Bunions or “a stone in my shoe”

Bunions are widespread in the population and definitely one of the most prevalent conditions in our foot and ankle clinic. Some people may be significantly aggravated, as it can cause severe daily limitation.  Bunions can become a problem some people may have to face every morning at the time of fitting into shoes, and as such the right treatment should be implemented. 

What are bunions?

Bunions are a bony protuberance formed at the base of the big toe commonly used to describe a misalignment of some bones in the foot. The tip of the big toe will shift towards the lesser toes causing the joint at the base of the big toe to stick out. The medical term which describes a big toe bunion is “hallux valgus”.

A less common form of bunion also known as “bunionette” can develop in the articulation of the pinky toe.

Why do they occur?

Although the use of “less sensible” shoes frequently takes the blame for the occurrence of bunions, it’s not all due to footwear. It is still unclear whether the use of tight or high-heel shoes can cause bunions, but it is likely that symptoms are aggravated by the use of such shoe types.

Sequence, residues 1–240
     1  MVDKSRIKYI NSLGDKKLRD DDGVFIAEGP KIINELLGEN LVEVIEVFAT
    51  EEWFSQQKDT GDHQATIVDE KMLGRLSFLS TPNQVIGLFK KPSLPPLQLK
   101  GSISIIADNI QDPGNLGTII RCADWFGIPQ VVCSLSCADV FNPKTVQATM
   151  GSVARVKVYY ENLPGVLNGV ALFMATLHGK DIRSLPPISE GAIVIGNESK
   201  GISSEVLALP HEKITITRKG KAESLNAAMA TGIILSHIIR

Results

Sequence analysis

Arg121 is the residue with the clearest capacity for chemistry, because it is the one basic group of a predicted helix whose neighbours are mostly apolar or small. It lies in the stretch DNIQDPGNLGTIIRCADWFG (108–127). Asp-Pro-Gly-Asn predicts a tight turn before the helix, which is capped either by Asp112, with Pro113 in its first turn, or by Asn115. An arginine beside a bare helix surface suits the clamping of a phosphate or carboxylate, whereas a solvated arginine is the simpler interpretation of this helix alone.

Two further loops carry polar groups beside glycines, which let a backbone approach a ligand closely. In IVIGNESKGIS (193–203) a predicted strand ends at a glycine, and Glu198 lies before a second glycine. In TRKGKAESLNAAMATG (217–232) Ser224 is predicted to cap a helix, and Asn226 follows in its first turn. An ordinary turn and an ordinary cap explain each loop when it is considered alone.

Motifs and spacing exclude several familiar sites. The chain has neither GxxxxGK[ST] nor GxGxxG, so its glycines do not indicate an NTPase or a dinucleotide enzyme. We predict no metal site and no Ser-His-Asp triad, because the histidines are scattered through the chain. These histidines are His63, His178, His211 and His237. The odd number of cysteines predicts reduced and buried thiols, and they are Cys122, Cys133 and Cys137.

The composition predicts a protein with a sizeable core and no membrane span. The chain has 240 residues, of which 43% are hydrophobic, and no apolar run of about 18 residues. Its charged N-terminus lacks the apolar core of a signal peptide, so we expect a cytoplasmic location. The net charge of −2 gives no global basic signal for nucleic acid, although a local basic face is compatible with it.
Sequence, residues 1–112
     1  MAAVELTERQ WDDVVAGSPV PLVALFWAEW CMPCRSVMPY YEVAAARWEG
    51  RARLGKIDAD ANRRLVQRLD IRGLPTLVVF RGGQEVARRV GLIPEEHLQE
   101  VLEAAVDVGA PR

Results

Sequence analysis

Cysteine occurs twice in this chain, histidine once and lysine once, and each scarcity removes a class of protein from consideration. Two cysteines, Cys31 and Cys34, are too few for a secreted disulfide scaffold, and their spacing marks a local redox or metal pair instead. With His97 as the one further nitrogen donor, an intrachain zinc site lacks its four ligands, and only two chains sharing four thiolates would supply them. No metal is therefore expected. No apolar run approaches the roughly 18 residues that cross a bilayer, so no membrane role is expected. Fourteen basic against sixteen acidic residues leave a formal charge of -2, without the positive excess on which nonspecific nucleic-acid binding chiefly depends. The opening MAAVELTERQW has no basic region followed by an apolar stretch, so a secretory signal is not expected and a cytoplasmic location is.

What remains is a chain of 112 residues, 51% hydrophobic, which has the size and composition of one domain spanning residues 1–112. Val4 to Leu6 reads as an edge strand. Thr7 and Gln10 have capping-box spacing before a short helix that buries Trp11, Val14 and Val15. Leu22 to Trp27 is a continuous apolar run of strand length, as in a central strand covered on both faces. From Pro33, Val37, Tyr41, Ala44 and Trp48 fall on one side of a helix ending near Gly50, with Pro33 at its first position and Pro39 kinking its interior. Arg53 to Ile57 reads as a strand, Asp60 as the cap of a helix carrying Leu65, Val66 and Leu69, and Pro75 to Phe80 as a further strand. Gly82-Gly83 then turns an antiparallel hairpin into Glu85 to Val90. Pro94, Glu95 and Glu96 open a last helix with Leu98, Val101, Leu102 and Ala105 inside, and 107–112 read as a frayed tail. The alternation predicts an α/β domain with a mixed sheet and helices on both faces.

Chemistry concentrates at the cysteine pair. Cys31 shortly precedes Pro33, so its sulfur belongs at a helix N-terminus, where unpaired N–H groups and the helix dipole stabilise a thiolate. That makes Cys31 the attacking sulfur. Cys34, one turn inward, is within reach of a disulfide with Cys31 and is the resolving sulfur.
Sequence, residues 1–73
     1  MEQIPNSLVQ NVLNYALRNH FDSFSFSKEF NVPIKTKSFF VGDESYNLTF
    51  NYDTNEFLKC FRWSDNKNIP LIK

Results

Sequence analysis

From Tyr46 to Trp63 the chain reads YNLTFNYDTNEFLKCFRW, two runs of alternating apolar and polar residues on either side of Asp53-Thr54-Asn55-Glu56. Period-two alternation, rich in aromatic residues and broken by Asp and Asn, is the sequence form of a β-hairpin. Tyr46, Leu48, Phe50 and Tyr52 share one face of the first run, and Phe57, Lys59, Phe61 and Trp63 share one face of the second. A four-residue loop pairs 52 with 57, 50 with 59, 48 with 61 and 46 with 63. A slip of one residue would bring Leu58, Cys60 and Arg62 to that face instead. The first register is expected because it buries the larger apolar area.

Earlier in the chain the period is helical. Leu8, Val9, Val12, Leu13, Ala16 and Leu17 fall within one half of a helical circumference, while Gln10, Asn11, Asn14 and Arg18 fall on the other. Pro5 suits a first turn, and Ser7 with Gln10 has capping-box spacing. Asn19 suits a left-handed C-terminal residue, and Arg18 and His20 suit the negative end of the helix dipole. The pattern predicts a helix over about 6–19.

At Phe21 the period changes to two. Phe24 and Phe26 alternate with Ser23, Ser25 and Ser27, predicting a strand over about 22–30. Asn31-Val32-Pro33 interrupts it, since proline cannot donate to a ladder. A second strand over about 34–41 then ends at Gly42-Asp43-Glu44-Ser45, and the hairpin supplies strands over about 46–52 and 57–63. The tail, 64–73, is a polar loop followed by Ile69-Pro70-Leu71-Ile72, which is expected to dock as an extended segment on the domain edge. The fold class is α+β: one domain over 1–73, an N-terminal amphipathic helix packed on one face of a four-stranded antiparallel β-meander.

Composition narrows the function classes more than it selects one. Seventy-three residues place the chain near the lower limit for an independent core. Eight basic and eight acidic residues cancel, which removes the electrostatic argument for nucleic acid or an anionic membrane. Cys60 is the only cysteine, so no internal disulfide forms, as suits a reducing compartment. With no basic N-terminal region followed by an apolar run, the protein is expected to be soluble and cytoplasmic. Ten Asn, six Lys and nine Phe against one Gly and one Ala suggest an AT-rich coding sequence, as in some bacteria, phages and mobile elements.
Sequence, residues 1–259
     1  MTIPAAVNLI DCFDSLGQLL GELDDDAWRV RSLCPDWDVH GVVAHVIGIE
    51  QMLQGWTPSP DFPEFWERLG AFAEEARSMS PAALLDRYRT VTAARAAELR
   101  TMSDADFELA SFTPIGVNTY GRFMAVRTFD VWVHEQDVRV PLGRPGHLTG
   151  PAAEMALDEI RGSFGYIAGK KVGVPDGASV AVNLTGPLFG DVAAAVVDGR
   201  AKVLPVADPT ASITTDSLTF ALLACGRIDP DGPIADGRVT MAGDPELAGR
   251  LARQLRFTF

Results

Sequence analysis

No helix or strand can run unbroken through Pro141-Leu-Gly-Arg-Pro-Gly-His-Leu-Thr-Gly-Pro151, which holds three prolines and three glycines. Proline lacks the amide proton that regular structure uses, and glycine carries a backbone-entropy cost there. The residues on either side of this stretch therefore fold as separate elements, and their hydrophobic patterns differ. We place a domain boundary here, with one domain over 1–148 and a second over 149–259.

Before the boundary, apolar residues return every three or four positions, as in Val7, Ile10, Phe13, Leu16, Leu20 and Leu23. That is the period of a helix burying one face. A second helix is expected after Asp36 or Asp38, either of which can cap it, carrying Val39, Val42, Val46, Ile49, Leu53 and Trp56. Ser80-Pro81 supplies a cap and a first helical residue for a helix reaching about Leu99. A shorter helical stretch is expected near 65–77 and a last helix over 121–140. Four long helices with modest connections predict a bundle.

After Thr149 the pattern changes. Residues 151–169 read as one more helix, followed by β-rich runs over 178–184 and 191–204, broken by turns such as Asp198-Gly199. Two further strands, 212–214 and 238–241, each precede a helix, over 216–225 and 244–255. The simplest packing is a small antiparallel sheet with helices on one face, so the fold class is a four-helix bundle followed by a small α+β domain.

Other proposed causes for bunions include genetic background that dictates foot shape, congenital deformities, specific trauma or arthritis.

What are the common symptoms?

The protuberance over the inside of the big toe is the defining feature of bunions. Normally this area becomes swollen, red and tender. There can also be areas of hard skin or callouses around the big toe and underneath the ball of the foot. Pain may be present constantly or it may come and go. On occasions, stiffness in the big toe joint can also develop over time.


To help prevent bunions, choose your shoes carefully. They should avoid crowding of the toes with a wide and comfortable shoe box and no pressure points. 

Multiple devices, toe correctors and spacers have been described and are sold as a cure for bunions. However, the latest research shows that none of the available orthotics will correct the deformity; some may be helpful to deal with pain.

The goal of surgery

Even though a neat result is always pursued during surgery, a purely cosmetic desire is never an indication to undergo surgery. The main goal of surgery is to straighten the toe and provide functional improvement to allow comfortable footwear.

When shall I seek medical attention?

Not all bunions will require medical treatment, although it is recommended to seek attention if any of the following occur:

  • Frequent or constant pain in the big or lesser toes

  • Reduced or painful motion of the big toe

  • Difficulty in finding appropriate shoes due to the bunion

  • Limitations in routine or sport activities